ECOWAS is a West African regional group with 15 members. It has a mandate of promoting economic integration in all fields of activity. As Ghana is one of its members, it gives exporters some great advantages in doing business. 

Main goal and benefits

The states goal of ECOWAS is to achieve collective self-sufficiency for its member states. It creates a single large trading bloc by building a full economic and trading union. As member of ECOWAS, Ghana benefits from the fact that there are numerous international Economic Partnership Agreements (EPA). Most important one is the ECOWAS-EU EPA, which led to the gradual removal of trade restrictions between the partners.

West Africa as Free Trade Area (ETLS)

The ECOWAS Trade Liberalisation Scheme (ETLS) is the main ECOWAS operational tool for promoting the West Africa region as a Free Trade Area. This lies in tandem with the one of the objectives of the community which is the establishment of a common market through  “the liberalisation of trade by the abolition, among Member States, of customs duties levied on imports and exports, and the abolition among Member States, of non-tariff barriers.

The scheme has undergone a series of transformation in respect of the categories of goods that are covered. The first category was defined when the scheme first came into existence in 1979. At that time, agreement was reached on only agricultural, artisanal handicrafts and unprocessed products to benefit from the scheme. Following this, in 1990, further agreement was reached and industrial products could be approved to take part in the scheme.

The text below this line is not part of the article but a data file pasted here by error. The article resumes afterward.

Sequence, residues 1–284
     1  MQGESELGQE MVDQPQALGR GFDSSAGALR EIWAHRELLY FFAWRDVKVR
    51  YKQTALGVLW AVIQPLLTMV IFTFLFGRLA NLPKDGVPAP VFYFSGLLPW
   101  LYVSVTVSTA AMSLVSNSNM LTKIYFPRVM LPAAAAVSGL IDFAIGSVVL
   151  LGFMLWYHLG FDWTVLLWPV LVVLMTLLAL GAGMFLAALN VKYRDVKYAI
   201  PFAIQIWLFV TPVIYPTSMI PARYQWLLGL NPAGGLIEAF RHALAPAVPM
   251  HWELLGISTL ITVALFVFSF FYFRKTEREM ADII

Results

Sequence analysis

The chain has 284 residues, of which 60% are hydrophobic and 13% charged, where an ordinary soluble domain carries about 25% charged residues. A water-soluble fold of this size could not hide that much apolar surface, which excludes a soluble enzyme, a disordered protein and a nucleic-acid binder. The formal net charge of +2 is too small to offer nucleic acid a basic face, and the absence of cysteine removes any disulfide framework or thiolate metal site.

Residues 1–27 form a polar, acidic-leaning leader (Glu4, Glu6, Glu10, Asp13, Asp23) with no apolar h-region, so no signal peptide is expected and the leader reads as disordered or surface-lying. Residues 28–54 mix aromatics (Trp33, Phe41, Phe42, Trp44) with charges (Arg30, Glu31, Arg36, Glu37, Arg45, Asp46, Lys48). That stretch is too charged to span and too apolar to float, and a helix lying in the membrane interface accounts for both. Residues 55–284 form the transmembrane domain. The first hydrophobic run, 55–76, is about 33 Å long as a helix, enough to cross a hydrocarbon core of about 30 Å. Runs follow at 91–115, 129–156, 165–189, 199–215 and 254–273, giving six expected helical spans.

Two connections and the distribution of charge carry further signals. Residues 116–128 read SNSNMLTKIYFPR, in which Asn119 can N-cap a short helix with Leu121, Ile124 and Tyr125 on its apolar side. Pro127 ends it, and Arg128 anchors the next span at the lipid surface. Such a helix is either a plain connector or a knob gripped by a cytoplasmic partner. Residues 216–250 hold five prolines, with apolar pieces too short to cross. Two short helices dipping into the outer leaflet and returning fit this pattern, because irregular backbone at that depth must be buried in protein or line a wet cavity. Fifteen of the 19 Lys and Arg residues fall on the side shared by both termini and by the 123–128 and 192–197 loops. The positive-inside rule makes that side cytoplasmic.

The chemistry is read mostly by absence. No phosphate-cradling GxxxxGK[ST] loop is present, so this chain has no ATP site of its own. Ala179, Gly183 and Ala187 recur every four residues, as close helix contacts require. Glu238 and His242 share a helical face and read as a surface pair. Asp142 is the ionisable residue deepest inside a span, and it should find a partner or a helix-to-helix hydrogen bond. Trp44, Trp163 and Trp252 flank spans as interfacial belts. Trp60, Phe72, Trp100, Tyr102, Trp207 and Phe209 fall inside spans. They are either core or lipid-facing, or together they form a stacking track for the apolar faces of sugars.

With industrial products being accepted, it became imperative to define what products were “originating” from the ETLS region. The rules of origin which guide this concept are defined in the ECOWAS protocol A/P1/1/03 of 31st January 2003. It defines out originating products as follows:

  • Wholly produced goods; goods whose raw materials completely originate from the region.
  • Goods which are not wholly produced but their production requires the exclusive use of materials which are to be classified under a different tariff sub-heading from that of the product.
  • Goods which are not wholly produced but their production requires the use of materials which have received a value added of at least 30% of the ex-factory price of the finished goods.